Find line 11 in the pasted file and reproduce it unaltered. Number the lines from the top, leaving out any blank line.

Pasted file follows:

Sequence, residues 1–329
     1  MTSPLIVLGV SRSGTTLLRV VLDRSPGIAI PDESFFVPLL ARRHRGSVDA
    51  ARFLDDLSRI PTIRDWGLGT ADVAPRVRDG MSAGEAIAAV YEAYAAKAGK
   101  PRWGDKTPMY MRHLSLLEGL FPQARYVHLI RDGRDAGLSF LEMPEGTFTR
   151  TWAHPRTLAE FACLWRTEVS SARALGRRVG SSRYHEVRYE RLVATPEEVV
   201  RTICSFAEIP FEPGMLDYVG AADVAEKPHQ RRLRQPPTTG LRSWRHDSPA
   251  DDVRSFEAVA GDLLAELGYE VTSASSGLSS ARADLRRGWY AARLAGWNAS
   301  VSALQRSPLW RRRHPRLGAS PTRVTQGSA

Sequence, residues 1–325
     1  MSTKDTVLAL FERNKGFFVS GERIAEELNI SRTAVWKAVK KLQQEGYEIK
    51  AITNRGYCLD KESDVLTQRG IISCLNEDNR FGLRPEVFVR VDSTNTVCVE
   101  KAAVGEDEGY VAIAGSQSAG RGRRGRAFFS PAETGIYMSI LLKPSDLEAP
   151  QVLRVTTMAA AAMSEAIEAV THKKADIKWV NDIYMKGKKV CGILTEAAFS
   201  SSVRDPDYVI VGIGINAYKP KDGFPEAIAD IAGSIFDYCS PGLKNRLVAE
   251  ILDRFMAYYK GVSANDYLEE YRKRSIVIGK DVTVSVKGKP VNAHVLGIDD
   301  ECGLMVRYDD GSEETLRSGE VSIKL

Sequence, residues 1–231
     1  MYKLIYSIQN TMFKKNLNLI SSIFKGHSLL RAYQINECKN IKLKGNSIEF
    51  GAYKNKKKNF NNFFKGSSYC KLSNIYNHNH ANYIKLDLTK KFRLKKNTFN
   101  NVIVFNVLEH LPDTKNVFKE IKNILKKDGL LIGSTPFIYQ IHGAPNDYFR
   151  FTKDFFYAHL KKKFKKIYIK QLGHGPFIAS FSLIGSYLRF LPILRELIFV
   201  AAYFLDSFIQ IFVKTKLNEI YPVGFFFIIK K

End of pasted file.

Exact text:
    51  AITNRGYCLD KESDVLTQRG IISCLNEDNR FGLRPEVFVR VDSTNTVCVE